CreativeConnection visits Carlo Pepoli school in Bologna to speak about graphic facilitation
As part of our partnership with Archilabò to support and develop the project Social Books, I visited the school Carlo Pepoli in Bologna for the first time in October 2015. I was invited to present what we do at CreativeConnection to an audience of students, families and teachers, curious about a profession not so common in Italy.
This has been a great opportunity for me to think about my practice from another perspective, as an object of study, as something I needed to reflect upon and research in order to describe it and explain it to others. As a group of colleagues and friends, we often asked ourselves at CreativeConnection, how to define what we do and if the term graphic facilitation is the most appropriate.
In my search for a satisfactory answer, the conversations I had with my colleagues and my mentors Tim Casswell and Beatrice Baumgartner, have been very important. I also came across a few books, written by established professionals, which proved very useful. (1)
Graphic Facilitation originally spread in the 70s within the Anglo-Saxon world, as a method to help people in a business and industry environment at working more effectively together, especially when meeting to discuss a certain topic, issue, project or idea. The graphic facilitator is established as a professional using imagery to map conversations in real time, drawing and writing on a large scale, combining words and pictures to lead groups of people toward a goal. Graphic Facilitation is developed as a way of capturing the flow of a conversation in a visual tangible form, to provide an additional perspective, a visual dimension for further thinking, understanding, reflection and brainstorming.
The profession has nowadays assumed many different facets and the term “graphic facilitator” is used alongside others like “live illustrator”, “scriber”, “visual minuter”, “visual recorder”. They all refer to the use of imagery to represent contents which are not originally produced in a visual mode, but rather in an oral or written one. These different roles all require some sort of “visual interpretation” as main skill and they all entail the creation of visual narratives based on the association between pictures and key words, aimed at facilitating the understanding and memorisation of the contents. This is why Graphic Facilitation can be considered in a wider sense, as an umbrella term encompassing all these roles.
Along with my introduction about graphic facilitation and how it developed until now, I showed to the group in Bologna some example of what we do at CreativeConnection, explaining how we got to that result. Regardless of the label you can put on each of them (“visual minutes”, “rich picture”, “animation”) they all entail the same kind of practise, a common process which is about listening, understanding and trying to simplify the information through a combined use of pictures and words and a relevant use of the coulours (Graphic = related to imagery, Facilitation = to make easier).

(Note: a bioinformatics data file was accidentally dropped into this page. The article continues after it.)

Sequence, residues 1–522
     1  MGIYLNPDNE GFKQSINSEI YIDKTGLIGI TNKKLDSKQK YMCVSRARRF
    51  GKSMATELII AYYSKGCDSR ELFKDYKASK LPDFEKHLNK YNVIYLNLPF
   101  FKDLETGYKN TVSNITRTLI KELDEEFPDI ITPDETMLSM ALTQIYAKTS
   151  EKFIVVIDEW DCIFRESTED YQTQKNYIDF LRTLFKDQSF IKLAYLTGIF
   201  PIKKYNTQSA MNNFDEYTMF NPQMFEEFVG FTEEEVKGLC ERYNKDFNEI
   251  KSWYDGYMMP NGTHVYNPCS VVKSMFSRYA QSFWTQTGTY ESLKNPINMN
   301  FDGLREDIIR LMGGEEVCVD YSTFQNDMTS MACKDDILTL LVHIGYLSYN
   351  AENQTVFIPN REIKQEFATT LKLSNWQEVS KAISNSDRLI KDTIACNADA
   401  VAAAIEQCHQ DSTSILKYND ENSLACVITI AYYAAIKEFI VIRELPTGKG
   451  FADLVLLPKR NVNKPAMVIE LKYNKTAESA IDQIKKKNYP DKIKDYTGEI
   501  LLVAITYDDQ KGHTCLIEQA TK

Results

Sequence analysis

From this wider perspective, Graphic facilitation can be considered as a relevant process for education and as a valuable method than can be applied in a non commercial environment, like in schools. This is very much linked to the power of visuals and its potential in teaching and learning – for student as a way to re-elaborate contents in a more personal and creative way, for teachers as a way to work together across disciplines. Using more appropriate association between pictures and words would help reducing the cognitive workload, not only for the benefit of children with learning disabilities, but for the whole classroom, especially where children are coming from different backgrounds and the prominent role of linear written text can represent a barrier rather than an element of integration.
The best way to learn what graphic facilitation is about is to see it in action and eventually be involved in that action as a key player of the narrative entailed, thinking visually and creating its own piece. It’s not about making a beautiful drawing, but about drawing and writing as a combined gesture and form of expression, as a powerful communication tool, a common language which is personal and also so ancestral. We all learn to draw as children, but we often lose practise when growing up.
This is why my introduction was followed by the workshop “Powerful learning : writing with pictures and drawing with words”.
I provided each attendees with a piece of foam board and coloured pencils and ask them to visualise the most important experience they had in education, not necessarily related to school. Why was it important ? What did they learn ? The group worked individually for 40 minutes.
We then hung all the boards on the wall and each person presented its own piece to the group explaining why it was meaningful. In the meantime I captured on a separate piece of paper the outcomes that emerged from the conversation and which represented the key thoughts and messages describing what meaningful education look like for the group.
(1) The Graphic Facilitator’s Guide. Brandy Agerbeck (2012)
The Doodle Revolution. Sunni Brown (2014)